Two Biomanuafctcturing Realities
High-volume blockbuster products
Few products in portfolios and pipelines
Large target patient populations
Process productivities Dedicated, single-product, single-scale production lines
Lower potencies, larger doses
Proliferation of clinical candidates
Smaller target patient populations trending toward personalized medicine
Process productivities ≥5 g/L
Agile, multiproduct, multiscale production lines
Higher potencies, smaller doses
Conflicting corporate mandates require capacity use rates to go up
Biosimilar demands drive some/all operations to large scales and high titers
Downstream purification technology is the main roadblock to enabling existing plants to adapt to a new, smaller-scale, flexible model. While other technologies were advancing to enable flexibility in scale and process, downstream systems have not improved to match. Existing plants that were designed for single products are often “wrong-sized” for the new processes they are asked to accommodate. Whether the upstream scale shifts up or down, downstream infrastructure is generally fixed. Continuing gains in upstream productivity are further exacerbating this problem as downstream systems struggle to handle the product-rich feed-streams being generated.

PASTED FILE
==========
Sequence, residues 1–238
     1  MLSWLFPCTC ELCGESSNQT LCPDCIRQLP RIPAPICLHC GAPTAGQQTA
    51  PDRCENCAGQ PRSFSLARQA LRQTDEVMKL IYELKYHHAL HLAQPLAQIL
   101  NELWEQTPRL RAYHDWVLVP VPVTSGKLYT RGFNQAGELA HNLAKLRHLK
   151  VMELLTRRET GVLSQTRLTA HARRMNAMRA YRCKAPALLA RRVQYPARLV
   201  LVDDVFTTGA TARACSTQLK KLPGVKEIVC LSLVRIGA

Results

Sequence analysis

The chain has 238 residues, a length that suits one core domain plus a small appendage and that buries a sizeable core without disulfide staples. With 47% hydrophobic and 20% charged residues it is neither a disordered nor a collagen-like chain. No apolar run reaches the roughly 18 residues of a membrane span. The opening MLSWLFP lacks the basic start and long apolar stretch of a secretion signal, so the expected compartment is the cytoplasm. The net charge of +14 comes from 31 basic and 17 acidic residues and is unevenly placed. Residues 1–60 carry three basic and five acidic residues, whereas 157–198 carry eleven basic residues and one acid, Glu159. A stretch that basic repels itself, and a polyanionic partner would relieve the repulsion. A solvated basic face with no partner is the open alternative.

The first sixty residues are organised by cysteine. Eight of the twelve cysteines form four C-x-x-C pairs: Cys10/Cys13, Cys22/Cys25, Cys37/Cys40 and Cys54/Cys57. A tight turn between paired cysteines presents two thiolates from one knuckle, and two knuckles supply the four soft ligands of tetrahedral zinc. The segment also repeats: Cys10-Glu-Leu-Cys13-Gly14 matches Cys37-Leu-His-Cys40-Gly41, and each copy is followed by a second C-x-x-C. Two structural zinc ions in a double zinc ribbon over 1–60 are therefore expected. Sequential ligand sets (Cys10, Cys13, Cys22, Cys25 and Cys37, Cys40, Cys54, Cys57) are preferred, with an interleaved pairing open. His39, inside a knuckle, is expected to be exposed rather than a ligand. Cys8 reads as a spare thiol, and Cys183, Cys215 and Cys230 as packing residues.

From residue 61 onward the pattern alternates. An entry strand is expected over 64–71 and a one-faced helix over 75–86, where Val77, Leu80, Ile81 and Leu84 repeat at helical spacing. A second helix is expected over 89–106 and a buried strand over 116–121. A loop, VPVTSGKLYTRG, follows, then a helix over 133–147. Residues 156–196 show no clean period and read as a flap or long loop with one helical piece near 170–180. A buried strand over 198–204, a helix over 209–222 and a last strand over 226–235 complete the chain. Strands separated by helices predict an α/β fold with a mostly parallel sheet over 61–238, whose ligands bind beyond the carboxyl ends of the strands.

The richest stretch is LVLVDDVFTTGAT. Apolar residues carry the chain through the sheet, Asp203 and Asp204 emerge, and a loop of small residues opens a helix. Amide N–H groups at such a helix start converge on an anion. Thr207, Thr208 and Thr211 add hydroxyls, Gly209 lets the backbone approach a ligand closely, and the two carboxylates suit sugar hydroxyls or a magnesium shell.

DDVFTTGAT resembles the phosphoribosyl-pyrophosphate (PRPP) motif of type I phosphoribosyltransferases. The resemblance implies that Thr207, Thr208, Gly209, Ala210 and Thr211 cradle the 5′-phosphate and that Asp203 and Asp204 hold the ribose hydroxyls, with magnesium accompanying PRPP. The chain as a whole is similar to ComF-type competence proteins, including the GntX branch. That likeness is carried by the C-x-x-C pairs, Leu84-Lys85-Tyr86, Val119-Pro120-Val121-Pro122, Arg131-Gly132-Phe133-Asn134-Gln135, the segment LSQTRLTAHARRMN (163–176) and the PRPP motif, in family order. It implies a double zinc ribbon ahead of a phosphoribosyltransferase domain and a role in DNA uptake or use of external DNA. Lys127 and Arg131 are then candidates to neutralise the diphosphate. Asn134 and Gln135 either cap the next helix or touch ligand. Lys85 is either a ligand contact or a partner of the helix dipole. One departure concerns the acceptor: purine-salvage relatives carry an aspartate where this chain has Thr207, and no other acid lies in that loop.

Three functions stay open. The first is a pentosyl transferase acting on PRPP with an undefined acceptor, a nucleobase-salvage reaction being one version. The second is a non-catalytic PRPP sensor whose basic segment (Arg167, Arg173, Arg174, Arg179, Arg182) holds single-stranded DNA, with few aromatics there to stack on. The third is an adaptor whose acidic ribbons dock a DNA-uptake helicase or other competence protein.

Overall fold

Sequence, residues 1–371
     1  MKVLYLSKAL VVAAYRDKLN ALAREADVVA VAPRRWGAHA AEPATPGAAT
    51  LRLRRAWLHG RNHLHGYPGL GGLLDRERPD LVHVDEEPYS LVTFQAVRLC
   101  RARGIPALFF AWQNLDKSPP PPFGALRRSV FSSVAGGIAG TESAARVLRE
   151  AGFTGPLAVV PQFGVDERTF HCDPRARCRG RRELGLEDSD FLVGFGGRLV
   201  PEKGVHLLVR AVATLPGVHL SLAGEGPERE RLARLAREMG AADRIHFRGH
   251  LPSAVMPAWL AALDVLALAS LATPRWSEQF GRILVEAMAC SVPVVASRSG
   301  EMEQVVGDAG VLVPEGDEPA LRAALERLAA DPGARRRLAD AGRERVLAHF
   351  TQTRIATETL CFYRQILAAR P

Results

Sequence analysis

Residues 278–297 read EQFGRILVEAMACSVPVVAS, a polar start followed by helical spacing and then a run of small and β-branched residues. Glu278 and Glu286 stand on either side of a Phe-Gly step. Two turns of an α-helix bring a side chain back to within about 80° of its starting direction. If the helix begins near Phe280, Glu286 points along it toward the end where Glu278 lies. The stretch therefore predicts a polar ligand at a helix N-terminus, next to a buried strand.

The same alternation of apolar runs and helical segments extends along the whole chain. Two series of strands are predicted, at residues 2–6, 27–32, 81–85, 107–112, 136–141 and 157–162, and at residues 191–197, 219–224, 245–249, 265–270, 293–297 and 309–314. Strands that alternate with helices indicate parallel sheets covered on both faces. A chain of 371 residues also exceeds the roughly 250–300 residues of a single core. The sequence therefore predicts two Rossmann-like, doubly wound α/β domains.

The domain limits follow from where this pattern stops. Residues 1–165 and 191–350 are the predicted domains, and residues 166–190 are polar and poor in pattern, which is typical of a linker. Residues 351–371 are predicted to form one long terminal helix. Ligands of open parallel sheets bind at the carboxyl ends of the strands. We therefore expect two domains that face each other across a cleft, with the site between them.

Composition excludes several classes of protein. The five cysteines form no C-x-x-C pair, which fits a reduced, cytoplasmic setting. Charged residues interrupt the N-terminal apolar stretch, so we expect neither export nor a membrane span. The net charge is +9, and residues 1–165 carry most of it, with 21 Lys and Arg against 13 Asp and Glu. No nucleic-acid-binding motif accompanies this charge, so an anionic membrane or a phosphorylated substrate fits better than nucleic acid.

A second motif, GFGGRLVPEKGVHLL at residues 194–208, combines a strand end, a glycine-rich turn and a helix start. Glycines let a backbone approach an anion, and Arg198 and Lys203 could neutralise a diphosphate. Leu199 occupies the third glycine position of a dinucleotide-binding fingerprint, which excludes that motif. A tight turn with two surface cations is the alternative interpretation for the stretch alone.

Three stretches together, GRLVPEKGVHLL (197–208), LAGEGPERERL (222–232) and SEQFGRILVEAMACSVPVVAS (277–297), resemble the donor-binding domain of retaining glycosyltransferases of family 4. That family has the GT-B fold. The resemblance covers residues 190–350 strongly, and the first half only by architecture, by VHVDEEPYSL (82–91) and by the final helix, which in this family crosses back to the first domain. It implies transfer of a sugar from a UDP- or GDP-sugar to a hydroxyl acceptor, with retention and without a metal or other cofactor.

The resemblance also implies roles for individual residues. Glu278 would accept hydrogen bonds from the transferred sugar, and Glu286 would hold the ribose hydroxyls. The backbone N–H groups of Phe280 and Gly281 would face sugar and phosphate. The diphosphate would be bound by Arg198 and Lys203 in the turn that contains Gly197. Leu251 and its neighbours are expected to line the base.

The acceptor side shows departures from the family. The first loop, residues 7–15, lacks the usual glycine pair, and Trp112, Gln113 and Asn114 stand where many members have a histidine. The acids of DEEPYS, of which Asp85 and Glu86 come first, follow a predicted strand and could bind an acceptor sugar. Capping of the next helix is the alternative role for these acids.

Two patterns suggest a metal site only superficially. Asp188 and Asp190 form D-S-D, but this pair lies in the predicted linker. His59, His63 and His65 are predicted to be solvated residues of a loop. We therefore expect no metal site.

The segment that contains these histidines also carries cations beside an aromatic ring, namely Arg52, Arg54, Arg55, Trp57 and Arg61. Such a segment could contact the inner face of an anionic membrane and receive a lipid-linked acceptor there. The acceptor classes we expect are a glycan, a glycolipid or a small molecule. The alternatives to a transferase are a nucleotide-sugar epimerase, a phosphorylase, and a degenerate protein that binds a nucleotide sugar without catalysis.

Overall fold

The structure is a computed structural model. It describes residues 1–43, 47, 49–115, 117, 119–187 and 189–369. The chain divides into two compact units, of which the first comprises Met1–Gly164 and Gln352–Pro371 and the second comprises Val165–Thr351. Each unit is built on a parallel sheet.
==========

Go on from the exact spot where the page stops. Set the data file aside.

Among end-users, a recurring theme in bioprocessing surveys identifies the downstream bottleneck as a critical facility issue. In 2011, nearly 70% of respondents to the annual BioPlan Associates industry survey reported that their plants were experiencing some degree of capacity bottleneck as a result of downstream processes (4). But what should the downstream solution look like? Certainly, productivity of chromatography media is a continuing focus, but to date only incremental improvements have been reported. Even with much greater productivity, massive capital-intensive glass or stainless columns present barriers to flexibility and adaptability.
The new age of biomanufacturing requires purification systems that can handle multiproduct processing, which suggests a good application for single-use technology. The bioprocess industry needs technology that can easily adapt to different process scales when titers, potencies, and volume requirements vary. This new downstream technology also must be capital efficient — and of course, it cannot sacrifice specificity, safety, or final product quality.
Modular Advective Chromatography